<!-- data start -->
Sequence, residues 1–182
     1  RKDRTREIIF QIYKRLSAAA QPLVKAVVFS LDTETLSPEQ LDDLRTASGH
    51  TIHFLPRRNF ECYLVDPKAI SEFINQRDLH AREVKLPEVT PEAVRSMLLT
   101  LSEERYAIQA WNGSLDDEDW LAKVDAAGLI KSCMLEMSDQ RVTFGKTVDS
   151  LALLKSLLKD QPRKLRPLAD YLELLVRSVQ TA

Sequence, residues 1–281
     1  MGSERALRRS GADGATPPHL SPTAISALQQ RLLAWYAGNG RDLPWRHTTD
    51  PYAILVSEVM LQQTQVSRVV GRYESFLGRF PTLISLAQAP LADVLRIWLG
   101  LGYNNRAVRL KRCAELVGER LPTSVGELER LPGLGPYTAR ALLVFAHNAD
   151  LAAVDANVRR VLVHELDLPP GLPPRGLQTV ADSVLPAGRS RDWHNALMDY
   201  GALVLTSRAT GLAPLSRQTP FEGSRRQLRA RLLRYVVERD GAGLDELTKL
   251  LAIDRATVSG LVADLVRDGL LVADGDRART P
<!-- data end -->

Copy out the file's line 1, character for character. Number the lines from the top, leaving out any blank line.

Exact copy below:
Sequence, residues 1–182